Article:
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Hard Water & Your Skin


Hard water is water that contains high concentrations of dissolved minerals, primarily calcium and magnesium ions. The effects of hard water on the skin can vary from person to person, but it is generally considered less favorable for skin healthcompared to soft water, which has lower mineral content. Below, we discuss how water becomes hard, how to test and control it, and what its effects are on the skin. 


Water hardness varies by region and depends on the source of the water for each community. In rural communities and neighborhoods, it is common to have private wells that provide water while in larger cities and most of the U.S., a public water system that draws from ground and surface water is used. Every community should have an annual water report available online and there are a number of databases where water hardness can be looked up by zip code. A number of affordable testing methods like strips or drops are available to test the water in your specific household. 

Whether the water comes from a private well or public source, it is the elements present in the earth of our local watershed (central collection point of groundwater) that dissolve in the water as it  travels through the ground and into collection. For example, regions where there is a lot of limestone, chalk or gypsum have harder water. While treatment systems are in place for both public and private water sources, hard water still makes it into our households and may affect our skin and the products we put on it. Besides an extra source of calcium or magnesium, there don’t appear to be any major positive or negative health effects of consuming hard water [1]. However, hard water creates mineral deposits on everything it contacts, including our skin.


  1. Dryness and Irritation: The minerals in hard water can interact with soap and skincare products, making it more difficult to rinse them off completely. This can leaveresidue on the skinwhich may lead to dryness and irritation. Soap scum can also clog pores, potentially contributing to acne or exacerbating existing skin conditions [2].
  2. Reduced Lathering: Hard water can interfere with the ability of soap to lather effectively. This may result in people using more soap or shower products than necessary, which can further dry out the skin.
  3. Film and Buildup: Hard water can leave a mineral buildup on the skin over time. This can create a film or residue that makes the skin feel less clean and less smooth [3].
  4. Eczema and Dermatitis: Some individuals with sensitive skin or preexisting skin conditions like eczema may find that hard water exacerbates their symptoms. The mineral content in hard water can irritate the skin and trigger flare-ups [4–6].
  5. Hair and Scalp Issues: Hard water can have similar effects on the hair and scalpleaving the hair feeling dry, brittle, and difficult to manage. It may also contribute to issues like dandruff.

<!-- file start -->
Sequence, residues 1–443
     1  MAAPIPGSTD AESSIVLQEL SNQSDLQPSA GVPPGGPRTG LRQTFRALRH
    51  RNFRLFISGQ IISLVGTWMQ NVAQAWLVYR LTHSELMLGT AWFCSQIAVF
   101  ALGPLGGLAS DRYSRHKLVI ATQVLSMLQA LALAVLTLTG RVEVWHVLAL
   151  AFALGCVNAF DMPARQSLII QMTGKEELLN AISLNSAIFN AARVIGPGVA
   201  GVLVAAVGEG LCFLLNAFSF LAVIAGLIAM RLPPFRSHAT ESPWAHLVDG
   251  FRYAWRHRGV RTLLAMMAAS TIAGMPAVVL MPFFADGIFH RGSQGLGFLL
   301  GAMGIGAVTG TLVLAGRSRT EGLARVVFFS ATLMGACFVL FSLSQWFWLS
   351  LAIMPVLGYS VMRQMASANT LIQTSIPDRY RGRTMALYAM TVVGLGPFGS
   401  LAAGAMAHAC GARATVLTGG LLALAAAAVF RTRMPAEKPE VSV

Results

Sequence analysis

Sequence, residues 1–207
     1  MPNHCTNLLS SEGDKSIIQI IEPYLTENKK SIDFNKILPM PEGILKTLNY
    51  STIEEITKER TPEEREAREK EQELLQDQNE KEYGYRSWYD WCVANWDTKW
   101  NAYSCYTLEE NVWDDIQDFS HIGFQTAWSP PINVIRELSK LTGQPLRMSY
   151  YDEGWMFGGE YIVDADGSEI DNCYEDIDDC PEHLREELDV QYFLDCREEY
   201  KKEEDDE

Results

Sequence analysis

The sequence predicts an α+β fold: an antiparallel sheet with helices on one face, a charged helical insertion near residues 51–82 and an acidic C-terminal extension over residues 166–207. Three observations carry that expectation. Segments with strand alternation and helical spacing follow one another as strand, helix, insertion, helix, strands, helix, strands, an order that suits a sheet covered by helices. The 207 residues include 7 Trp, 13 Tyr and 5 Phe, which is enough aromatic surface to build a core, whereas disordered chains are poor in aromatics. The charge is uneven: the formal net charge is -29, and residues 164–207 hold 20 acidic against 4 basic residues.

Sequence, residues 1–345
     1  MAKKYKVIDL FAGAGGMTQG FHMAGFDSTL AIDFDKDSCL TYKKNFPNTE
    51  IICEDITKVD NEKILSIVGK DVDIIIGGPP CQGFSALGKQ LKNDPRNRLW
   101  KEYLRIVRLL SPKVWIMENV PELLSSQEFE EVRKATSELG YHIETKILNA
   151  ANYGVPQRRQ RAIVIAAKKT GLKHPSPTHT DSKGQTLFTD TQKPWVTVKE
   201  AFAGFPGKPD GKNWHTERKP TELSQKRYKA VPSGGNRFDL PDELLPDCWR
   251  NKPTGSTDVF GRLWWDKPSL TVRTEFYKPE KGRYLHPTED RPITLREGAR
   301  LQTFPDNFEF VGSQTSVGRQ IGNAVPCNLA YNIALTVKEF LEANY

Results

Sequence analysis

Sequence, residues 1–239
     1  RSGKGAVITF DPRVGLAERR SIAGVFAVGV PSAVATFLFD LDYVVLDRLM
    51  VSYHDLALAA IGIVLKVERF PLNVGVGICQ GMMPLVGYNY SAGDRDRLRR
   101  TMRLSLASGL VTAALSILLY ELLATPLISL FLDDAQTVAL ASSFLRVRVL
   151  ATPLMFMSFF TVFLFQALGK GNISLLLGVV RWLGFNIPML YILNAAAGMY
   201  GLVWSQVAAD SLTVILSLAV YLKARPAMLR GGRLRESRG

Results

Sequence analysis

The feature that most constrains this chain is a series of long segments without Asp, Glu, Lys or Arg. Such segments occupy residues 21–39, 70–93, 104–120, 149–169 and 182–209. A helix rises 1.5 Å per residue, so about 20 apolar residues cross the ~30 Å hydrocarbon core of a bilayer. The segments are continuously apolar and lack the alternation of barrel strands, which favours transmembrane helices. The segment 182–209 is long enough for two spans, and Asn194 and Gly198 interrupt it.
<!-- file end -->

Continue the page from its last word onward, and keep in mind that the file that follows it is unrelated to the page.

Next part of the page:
6. Decreased Effectiveness of Skincare Products: Skincare products, such as cleansers and moisturizers, may be less effective in hard water because they do not lather well or may not be properly absorbed by the skin.


To mitigate the effects of hard water on the skin, individuals can consider using a water softener system, which reduces the mineral content in the water. Additionally, using gentle skincare products, like mild cleansers and moisturizers, can help minimize the impact of hard water. It's also important to thoroughly rinse off soap and shampoo and consider using water filters for your shower head and sink to reduce the mineral content in the water.


[1] Pop MS, Cheregi DC, Onose G, Munteanu C, Popescu C, Rotariu M, Turnea M-A, Dogaru G, Ionescu EV, Oprea D, Iliescu MG, Minea M, Stanciu LE, Silișteanu SC, Oprea C (2023) Exploring the Potential Benefits of Natural Calcium-Rich Mineral Waters for Health and Wellness: A Systematic Review.Nutrients 15, 3126.

[2] Warren R, Ertel KD, Bartolo RG, Levine MJ, Bryant PB, Wong LF (1996) The influence of hard water (calcium) and surfactants on irritant contact dermatitis.Contact Dermatitis 35, 337–343.

[3] Danby SG, Brown K, Wigley AM, Chittock J, Pyae PK, Flohr C, Cork MJ (2018) The Effect of Water Hardness on Surfactant Deposition after Washing and Subsequent Skin Irritation in Atopic Dermatitis Patients and Healthy Control Subjects.J Invest Dermatol 138, 68–77.

[4] Henning MAS, Ibler KS, Ullum H, Erikstrup C, Bruun MT, Burgdorf KS, Dinh KM, Rigas A, Thørner LW, Pedersen OB, Jemec GB (2021) The association between water hardness and xerosis—Results from the Danish Blood Donor Study.PLoS One 16, e0252462.

[5] Lopez DJ, Singh A, Waidyatillake NT, Su JC, Bui DS, Dharmage SC, Lodge CJ, Lowe AJ (2022) The association between domestic hard water and eczema in adults from the UK Biobank cohort study.Br J Dermatol 187, 704–712.

[6] Jabbar-Lopez ZK, Ung CY, Alexander H, Gurung N, Chalmers J, Danby S, Cork MJ, Peacock JL, Flohr C (2021) The effect of water hardness on atopic eczema, skin barrier function: A systematic review, meta-analysis.Clin Exp Allergy 51, 430–451.